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Opinion & Analysis

Are the humanities dead?

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This opinion piece will deliver a resounding ‘no’ to the question posed in the title.  If the humanities are dead, then humanity is dead, intellectually, spiritually and emotionally, as the humanities feed those feelings, perceptions and concepts which make us distinctly human.

Did I invent the title?  The answer is again ‘no’.  I have only turned a declarative sentence, ‘the humanities are dead’, uttered by someone high up in the academic hierarchy of our university, into a momentous, portentous question. As I am not privy to the context in which this fatuous statement was made, I cannot tell if the person responsible adduced any evidence to support the claim.

The belief that the humanities are dead because vanquished by the scientific model of the universe has a long pedigree, connected with the unsubstantiated claim that the science subjects (STEM: science, technology, engineering and mathematics) are intellectually more rigorous than the supposedly soft options of literature, history, music, languages and philosophy. There is also the tacit assumption that pupils choosing the sciences are of a higher academic calibre than those unfortunate enough to opt for the humanities.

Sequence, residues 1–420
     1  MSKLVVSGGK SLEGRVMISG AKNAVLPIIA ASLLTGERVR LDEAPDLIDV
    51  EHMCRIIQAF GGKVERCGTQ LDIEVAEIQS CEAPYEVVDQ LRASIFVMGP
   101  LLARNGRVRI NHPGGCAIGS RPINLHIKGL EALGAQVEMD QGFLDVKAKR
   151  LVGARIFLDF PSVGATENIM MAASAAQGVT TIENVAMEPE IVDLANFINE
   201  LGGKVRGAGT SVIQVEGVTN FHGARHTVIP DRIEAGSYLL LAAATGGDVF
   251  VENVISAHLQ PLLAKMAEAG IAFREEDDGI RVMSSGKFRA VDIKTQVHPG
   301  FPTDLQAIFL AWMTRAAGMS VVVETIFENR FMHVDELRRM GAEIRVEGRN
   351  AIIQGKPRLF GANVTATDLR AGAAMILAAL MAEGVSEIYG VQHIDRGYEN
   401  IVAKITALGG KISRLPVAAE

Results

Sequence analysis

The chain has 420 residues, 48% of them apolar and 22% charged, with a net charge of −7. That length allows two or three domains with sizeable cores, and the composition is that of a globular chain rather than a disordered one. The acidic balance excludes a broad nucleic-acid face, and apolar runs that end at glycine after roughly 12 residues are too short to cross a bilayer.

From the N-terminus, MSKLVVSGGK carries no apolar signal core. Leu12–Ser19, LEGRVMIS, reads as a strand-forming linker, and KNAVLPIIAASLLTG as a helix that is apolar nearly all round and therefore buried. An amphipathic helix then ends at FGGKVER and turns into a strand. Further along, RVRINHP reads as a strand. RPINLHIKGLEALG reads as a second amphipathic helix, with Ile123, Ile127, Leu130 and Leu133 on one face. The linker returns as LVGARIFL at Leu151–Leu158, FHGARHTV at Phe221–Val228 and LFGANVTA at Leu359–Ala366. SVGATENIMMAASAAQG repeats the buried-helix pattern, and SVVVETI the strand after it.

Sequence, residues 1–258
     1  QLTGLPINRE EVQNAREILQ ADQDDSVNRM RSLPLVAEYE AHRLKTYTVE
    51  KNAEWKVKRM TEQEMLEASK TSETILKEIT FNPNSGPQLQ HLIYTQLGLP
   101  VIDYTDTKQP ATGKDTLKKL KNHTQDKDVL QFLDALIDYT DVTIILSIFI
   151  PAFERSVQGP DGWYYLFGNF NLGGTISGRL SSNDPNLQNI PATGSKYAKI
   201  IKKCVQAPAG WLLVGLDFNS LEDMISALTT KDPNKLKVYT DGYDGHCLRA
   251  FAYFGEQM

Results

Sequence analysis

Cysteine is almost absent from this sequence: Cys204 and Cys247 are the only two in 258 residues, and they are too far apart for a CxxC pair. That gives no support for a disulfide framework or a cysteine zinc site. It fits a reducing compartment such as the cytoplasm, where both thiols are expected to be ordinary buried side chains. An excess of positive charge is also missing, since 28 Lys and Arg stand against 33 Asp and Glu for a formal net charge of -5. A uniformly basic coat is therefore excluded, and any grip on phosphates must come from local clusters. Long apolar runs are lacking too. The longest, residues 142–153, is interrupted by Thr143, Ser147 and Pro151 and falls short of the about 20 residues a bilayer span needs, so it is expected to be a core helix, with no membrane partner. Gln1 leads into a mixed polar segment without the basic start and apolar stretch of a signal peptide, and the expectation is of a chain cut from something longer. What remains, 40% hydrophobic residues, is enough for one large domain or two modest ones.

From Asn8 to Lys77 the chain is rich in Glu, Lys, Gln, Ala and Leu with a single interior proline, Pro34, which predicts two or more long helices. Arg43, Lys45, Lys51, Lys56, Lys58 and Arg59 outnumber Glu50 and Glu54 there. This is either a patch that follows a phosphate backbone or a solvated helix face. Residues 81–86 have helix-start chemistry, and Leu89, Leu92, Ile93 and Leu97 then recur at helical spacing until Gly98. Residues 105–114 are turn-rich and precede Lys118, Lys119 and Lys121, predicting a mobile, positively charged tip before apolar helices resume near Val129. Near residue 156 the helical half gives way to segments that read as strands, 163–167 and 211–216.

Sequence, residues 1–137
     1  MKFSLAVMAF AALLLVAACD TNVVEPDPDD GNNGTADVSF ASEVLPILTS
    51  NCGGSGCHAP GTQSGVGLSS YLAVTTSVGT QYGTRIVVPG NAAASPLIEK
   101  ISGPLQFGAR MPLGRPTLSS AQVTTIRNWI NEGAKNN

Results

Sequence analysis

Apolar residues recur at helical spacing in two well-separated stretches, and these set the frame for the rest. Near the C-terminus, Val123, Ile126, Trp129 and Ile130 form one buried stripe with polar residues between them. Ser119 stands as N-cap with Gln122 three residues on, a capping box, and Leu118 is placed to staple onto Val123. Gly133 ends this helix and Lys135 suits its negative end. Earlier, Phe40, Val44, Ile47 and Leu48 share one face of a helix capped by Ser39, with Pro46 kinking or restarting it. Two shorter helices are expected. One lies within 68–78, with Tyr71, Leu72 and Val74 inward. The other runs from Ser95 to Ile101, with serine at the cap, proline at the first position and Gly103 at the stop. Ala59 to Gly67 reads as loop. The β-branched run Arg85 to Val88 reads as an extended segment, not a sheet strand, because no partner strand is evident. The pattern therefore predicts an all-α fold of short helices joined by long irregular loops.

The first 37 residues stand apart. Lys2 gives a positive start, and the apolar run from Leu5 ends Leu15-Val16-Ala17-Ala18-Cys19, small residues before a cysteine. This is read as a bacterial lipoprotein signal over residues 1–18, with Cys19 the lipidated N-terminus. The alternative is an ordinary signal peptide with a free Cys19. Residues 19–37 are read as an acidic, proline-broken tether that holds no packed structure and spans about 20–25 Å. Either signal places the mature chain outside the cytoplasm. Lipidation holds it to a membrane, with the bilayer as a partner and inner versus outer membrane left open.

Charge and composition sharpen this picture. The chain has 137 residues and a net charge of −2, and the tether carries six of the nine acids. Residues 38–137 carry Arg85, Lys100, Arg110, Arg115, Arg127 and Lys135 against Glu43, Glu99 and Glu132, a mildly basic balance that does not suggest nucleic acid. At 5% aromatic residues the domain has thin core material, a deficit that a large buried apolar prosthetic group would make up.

The dichotomy between the sciences and the humanities has been traced by neuroscientists to what they call the ‘lateralization’ of the brain.  The left sphere of the brain controls our ability to reason dispassionately, to deal with abstraction, to evaluate objective data, to create and elaborate science. The right side, however, is not inimical to these thought processes, but engenders the world of feelings, beauty, imagination, intuition, and creativity which provides a counterbalance to the cold world of phenomena, the home of the left hemisphere. The hypertrophy of one side of the brain leads to an imbalanced view of the world.  A world predicated solely on the sciences is partial, lopsided and unfeeling.  The humanities, if allowed to range freely without any scientific restraint, can become maudlin, self-indulgent and exaggeratedly dramatic. One set of subjects should correct and inspire the other thereby creating a balanced personality, at home in both the inner and outer worlds.

Unfortunately, the disparaging of the humanities has prevailed in academia, with philosophy departments closing down and the other arts departments shrinking and underfunded.